We love cooking with a trusty Dutch oven. The deep sides and solid construction of this timeless piece of kitchenware make it the perfect cooking device for casseroles, roasts, and even some delicious desserts. You can cook on the stovetop, stick it in the oven, or throw it straight into the campfire!
But while cooking up a feast is undeniably fun and easy with a cast-iron Dutch oven, it's the cleaning that often turns people off from making more use of this cookware. We've been there, and yes, the beginning can be a challenge. Knowing how to clean a Dutch oven, be it traditional cast iron or enameled cast iron, takes some know-how. There are so many rules! Can you scrub the pot? Can you use soap? Do I need to season the Dutch oven?
We decided to put together an easy how-to guide for cleaning a Dutch oven to help you out and to prove that it's not as difficult as you might think! Keep reading, to find out more!
Dutch ovens are large cooking pots with a removable lid with a multitude of kitchen and camping applications. Every kitchen should have one because there are so many one-pot dishes you can cook inside them. Fans of the Dutch oven will likely already know, but there are two different types of Dutch ovens that you could be cooking with: cast iron or enamel.
Traditional Dutch ovens are made from heavy cast iron, the same way they have been for hundreds, if not thousands of years. They are heavy but almost impossible to break. They also need regular seasoning and TLC to stop them from rusting.
Modern Dutch ovens are made of lighter cast iron that has a convenient yet delicate enamel coating. This enamel coating acts forms a non-stick layer, which means the Dutch oven needs no seasoning and is super-easy to wipe down after each use. The downside is that an enameled cast-iron Dutch oven is much easier to break and is not suitable for outdoor cooking.
When it comes to cleaning and maintenance, both need to be taken care of in slightly different ways, so it's essential to get this right; but that's why we wrote this guide!
Let's start with the heavy, dependable, yet seemingly tricky cast iron Dutch oven, the traditional kitchen cookware. Cast iron has somewhat of a reputation for being a challenge to clean, but it's really not as bad as you might think!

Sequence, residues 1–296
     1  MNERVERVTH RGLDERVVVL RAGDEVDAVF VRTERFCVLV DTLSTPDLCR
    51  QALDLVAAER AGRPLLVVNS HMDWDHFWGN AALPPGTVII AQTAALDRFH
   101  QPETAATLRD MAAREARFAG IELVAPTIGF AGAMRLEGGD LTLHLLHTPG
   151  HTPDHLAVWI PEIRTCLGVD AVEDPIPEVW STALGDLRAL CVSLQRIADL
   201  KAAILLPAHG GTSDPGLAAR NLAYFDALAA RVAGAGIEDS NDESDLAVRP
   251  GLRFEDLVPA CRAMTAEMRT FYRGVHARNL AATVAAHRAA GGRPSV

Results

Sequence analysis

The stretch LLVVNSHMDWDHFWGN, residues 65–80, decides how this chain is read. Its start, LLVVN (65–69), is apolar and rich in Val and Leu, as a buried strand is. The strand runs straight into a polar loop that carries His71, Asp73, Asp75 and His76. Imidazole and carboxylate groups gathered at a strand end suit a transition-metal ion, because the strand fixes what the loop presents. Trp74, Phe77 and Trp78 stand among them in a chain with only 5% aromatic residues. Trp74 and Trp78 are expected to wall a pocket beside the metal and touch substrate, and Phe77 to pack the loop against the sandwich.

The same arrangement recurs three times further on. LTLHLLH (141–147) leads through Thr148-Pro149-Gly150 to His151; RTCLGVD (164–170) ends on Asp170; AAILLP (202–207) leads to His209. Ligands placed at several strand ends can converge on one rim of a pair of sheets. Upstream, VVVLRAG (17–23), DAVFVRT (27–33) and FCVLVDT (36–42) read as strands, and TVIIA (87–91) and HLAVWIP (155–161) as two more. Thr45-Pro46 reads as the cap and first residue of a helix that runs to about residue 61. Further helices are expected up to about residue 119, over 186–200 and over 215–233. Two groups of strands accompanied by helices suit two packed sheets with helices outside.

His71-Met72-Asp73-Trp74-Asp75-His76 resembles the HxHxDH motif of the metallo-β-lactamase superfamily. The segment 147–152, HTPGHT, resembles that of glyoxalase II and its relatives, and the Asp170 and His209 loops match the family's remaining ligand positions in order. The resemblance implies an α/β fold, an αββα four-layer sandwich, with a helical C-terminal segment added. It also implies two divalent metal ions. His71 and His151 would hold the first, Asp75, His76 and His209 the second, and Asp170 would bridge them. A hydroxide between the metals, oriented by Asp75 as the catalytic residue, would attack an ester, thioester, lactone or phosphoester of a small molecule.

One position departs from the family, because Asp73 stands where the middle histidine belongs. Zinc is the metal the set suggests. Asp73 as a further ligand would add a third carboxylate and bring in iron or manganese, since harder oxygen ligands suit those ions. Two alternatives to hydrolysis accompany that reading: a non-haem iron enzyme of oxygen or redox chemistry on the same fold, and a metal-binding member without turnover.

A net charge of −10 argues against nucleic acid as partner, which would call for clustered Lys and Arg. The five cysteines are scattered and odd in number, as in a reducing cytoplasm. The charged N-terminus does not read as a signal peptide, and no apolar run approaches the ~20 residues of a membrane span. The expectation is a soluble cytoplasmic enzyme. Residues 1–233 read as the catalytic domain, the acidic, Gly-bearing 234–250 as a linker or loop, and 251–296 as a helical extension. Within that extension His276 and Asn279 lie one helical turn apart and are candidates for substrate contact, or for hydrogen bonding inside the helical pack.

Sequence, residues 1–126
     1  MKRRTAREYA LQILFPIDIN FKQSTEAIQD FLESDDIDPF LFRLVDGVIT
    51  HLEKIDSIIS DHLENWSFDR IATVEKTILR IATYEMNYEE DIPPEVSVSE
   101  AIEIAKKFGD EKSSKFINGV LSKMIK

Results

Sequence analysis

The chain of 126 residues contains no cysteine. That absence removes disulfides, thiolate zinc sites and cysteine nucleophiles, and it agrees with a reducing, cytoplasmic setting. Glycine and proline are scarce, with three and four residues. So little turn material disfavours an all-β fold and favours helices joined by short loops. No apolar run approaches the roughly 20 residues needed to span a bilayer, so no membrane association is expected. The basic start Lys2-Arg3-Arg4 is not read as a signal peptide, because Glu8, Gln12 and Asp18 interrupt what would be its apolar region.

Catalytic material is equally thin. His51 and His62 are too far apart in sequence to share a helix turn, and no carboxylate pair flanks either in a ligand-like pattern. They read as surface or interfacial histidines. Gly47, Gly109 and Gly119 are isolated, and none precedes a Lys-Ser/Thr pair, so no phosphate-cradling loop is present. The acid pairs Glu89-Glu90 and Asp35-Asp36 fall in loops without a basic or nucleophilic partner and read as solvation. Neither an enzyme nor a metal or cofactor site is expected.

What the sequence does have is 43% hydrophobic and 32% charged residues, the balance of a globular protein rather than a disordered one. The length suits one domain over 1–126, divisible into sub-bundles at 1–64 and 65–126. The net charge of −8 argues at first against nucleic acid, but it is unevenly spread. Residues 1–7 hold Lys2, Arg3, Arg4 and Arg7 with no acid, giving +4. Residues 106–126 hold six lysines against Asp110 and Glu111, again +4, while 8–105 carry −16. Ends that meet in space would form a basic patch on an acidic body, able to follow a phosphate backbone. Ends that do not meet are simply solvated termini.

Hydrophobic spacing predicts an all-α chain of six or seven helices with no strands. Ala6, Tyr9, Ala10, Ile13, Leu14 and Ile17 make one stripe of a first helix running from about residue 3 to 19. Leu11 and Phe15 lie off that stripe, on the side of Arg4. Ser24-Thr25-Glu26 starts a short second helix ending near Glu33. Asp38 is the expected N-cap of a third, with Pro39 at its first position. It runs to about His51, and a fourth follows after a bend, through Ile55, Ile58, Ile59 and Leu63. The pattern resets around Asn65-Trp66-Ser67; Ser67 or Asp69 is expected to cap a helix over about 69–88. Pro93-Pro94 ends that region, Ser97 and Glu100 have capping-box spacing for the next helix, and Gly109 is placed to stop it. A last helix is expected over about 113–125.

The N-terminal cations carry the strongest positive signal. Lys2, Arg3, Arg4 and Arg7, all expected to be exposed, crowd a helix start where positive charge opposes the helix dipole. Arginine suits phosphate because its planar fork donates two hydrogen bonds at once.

In fact, after a few scrubs and a bit of seasoning, you'll find it's super-easy to cook with and sustain. Keep in mind that a cast-iron Dutch oven is difficult to break, so don't worry about being gentle. You do, though, need to remember to season the Dutch oven regularly, or it won't be non-stick.
To make things easier, we've broken down the cleaning and care process into 3 distinct stages:
It's as simple as that.
If you have stubborn stains or have spotted a bit of rust, you might want to bring out the steel wool and give the Dutch oven a good scrub down. You can also use scrapers or spatulas on stubborn leftovers or stains. We don't recommend soaking the Dutch oven overnight as it becomes a haven for rust. You can, however, soak it in hot water while you scrub it.
The downside of this tactic is the fact that you'll start to scrub off the seasoning. Cast-iron cookware needs a layer of seasoning to stop food from sticking while it's cooking. This seasoning is made of a layer of polymers that form when oil is heated at the oven's base.
Never fear! Though any cast-iron product needs regular seasoning to keep up that protective layer, it's not too difficult a process to master!
You'll want to re-season your pan every time you give it a thorough clean, or if food begins to stick to the surface when you're cooking. Simply follow these steps to season your pot:
Remember to always store your cast-iron Dutch oven in a moisture-free cupboard to avoid attracting rust while it's not in use. This is particularly important if you won't be cooking with your Dutch oven for a while (but come on, with these, you'll want to use it all the time!).
An enameled cast-iron Dutch oven is a lot easier to take care of compared to a traditional cast-iron Dutch oven, purely because it's already coated in a non-stick protective layer. For that reason, you shouldn't need to season your pot, unless you chip the porcelain coating.
The non-stick enamel coating also makes it super easy to clean. When you finish cooking, you can wipe down the inside and outside with a damp cloth, and most of the hard work should be done for you. Rinse the oven under the tap, dry thoroughly, then store away until the next time it's needed.
If you have particularly stubborn stains or burnt food, you can follow these steps to help with cleaning the enamel Dutch oven:
If the stains persist, you can use a little baking soda to eliminate those pesky left-behinds. Fill your Dutch oven with water and add a couple of teaspoons of baking soda.
Place the Dutch oven on the stovetop and bring the mixture to a boil. Leave it to soak for a few hours (overnight, if it's particularly stubborn), then scrape off anything that's still left on the cooking surface with a nylon brush.
Rinse, dry, and store!
Cleaning cast-iron Dutch ovens needn't be a chore when you know the right way to do it! You'll quickly appreciate just how easy it can be to wipe off that pesky burnt residue with the right tools and know-how. It's even easier if you've got yourself a shiny enameled Dutch oven because everything will literally wipe straight off!
Make sure to bookmark our handy guide on cleaning a Dutch oven for the next time you're cooking up a casserole or a one-pot Sunday roast.